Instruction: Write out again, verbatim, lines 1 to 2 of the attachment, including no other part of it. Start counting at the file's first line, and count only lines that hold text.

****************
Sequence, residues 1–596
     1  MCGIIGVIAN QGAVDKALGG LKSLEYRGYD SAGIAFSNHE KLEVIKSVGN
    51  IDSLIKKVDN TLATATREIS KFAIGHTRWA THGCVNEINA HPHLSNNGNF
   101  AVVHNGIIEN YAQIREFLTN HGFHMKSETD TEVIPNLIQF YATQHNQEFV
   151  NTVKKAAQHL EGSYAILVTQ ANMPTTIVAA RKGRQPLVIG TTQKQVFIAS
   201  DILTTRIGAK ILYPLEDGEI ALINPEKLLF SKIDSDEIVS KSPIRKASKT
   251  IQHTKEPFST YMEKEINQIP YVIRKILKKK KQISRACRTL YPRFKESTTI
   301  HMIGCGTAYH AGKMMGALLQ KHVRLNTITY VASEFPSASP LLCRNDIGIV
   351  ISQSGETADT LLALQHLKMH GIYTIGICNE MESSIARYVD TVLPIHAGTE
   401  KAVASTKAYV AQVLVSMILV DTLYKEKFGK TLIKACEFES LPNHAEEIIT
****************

Sequence, residues 1–596
     1  MCGIIGVIAN QGAVDKALGG LKSLEYRGYD SAGIAFSNHE KLEVIKSVGN